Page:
The first time I trod on Scottish soil was back in 2015 when we crossed the Union Chain Bridge. We'd taken a holiday in Northumberland and as we were in the very north of England we decided to hop across the border. We didn't see much of Scotland, just a couple of days in Eyemouth, which is about eight miles north of Berwick upon Tweed, but I knew that I'd like to visit again and so I popped Visit Scotland on my 50 Before 50 list.
I've been watching the deals on Groupon and when a suitable offer came up, we jumped at it and spent last weekend there. The hotel was situated in The Borders, again, not too far into Scotland, but as we were only going for the weekend we didn't want to be travelling too long.
Somewhere I've always wanted to go is Gretna Green so we decided that we'd stop off on the way up. Back in the 18th century, marriage laws in England were tightened and couples were unable to marry under the age of twenty one without their parents' consent. The law in Scotland was different and with a more relaxed arrangement, many young couples simply eloped across the border in order to marry. Gretna Green was the first village in Scotland and situated on the route from London to Scotland, so very convenient. Any responsible person was able to conduct the marriage but the local blacksmith often carried them out 'over the anvil' and so the village blacksmith and the blacksmith's anvil have become the enduring symbols of Gretna Green weddings.
Round the back of the blacksmith's shop is a museum dedicated to the history of Gretna Green which is accessed through the Lucky Arch.
The area around the blacksmith's shop has been geared up for tourists with souvenir shops, a lovely food hall and a restaurant, and there's also a courtship maze. Weddings are still performed here and there was a bride and groom who had just tied the knot during our visit.
The Big Dance is the title of this thirteen foot tall sculpture of two clasped hands which was created by artist Ray Lonsdale, it stands in the centre of the courtyard.
After a whistle-stop tour, we continued on our way up through the Ettrick and Yarrow Valleys, such stunning scenery.
The drive was a little hair-raising at times with sheer drops at the side of the road, but the views were breathtaking. We encountered birds of prey soaring above the valleys and so many sheep grazing on the hillsides.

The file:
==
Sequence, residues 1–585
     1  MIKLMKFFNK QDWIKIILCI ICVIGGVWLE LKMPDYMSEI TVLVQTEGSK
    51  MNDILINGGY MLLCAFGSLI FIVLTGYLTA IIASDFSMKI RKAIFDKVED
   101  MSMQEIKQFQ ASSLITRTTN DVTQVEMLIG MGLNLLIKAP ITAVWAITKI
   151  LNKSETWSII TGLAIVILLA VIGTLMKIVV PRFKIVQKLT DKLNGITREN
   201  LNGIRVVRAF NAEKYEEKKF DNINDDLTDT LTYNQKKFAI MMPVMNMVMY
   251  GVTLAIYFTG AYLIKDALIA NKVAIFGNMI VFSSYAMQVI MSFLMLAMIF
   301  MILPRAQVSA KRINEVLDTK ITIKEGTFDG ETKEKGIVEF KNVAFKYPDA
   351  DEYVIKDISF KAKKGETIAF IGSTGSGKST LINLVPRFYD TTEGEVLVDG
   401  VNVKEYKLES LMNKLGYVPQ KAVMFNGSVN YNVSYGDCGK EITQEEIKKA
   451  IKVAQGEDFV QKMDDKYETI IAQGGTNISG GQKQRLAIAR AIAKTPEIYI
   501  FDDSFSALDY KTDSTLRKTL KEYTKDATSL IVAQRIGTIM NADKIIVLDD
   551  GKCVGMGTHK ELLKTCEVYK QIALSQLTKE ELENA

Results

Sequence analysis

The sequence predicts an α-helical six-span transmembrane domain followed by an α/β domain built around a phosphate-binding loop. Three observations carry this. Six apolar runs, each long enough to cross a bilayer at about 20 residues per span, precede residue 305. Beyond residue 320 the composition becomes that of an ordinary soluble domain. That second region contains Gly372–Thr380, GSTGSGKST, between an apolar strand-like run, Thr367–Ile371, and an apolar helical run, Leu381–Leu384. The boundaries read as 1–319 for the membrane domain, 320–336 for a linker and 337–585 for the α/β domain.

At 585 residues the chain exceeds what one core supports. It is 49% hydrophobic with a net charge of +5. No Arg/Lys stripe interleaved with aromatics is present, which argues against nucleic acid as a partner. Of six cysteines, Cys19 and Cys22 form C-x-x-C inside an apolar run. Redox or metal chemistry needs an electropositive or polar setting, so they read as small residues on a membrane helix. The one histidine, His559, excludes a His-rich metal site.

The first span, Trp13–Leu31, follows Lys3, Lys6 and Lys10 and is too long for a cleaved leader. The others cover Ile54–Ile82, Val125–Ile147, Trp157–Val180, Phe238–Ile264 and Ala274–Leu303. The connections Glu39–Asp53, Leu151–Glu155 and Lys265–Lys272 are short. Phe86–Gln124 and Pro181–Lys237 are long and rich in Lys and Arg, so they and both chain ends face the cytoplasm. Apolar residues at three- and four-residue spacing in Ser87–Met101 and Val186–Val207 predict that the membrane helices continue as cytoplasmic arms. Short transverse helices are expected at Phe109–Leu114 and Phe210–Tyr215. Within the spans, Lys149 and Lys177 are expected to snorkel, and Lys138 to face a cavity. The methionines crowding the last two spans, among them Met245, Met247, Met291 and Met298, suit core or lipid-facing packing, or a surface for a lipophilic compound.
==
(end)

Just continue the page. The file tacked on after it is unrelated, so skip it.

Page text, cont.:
Eventually, we reached Ettrickbridge, our destination.
I knew straight away that I was going to like it here. Look how these traffic cones have been yarn bombed.
A small village, there's only one pub, The Cross Keys, which is where we stayed. This is a 17th century former coaching inn and we got a warm and friendly welcome from Trevor, our host. The room was clean and comfortable and the food was wonderful, we really enjoyed our stay.
The view from our room.
On Saturday, we decided to head towards Edinburgh. In hindsight, we should have planned this trip more carefully as the one-way traffic system coupled with a lack of car parking spaces and poor signage let us down. After trying for what seemed like an eternity to find somewhere to park, we gave it up as a bad job and decided, instead, to head to Portobello, a coastal suburb of Edinburgh.
I'm always happy to get a beach fix and so is Archie. Here he is doing what he always does as soon as his paws touch the sand.
Unfortunately, we hadn't taken into account just how windy it was. Can you see how the sand is blowing around?
Archie wasn't happy about the wind, here he is looking rather windswept, and it was only minutes after this photo was taken that he was trying to rub sand out of his eyes with his paws so we decided to call it a day and head back to the car.
We spent the rest of the day driving back towards our digs, stopping off at little places along the way and taking in the wonderful scenery. Mick got a new car last week and the sat nav would insist on taking us down little winding back roads, he needs to have a look at it and program it better, but we got to see some fantastic sights this way.
It was raining hard on Sunday morning so we decided to head back home after breakfast. On the way, we saw signs for Hadrian's Wall. I'd visited a different stretch of the wall on a school trip many years ago but Mick had never seen it before so we took a little detour. In AD122, the Emperor Hadrian ordered his soldiers to build a 73 mile coast to coast wall between Roman Britain and Scotland.
Some parts of the wall have stood the test of time better than others, but it's amazing that something nearly two thousand years old is still standing.
The glorious view back towards Scotland.
We had a wonderful weekend and I know we've only touched the surface of Scotland, there's so many more places to discover. I'm sure we'll be back again.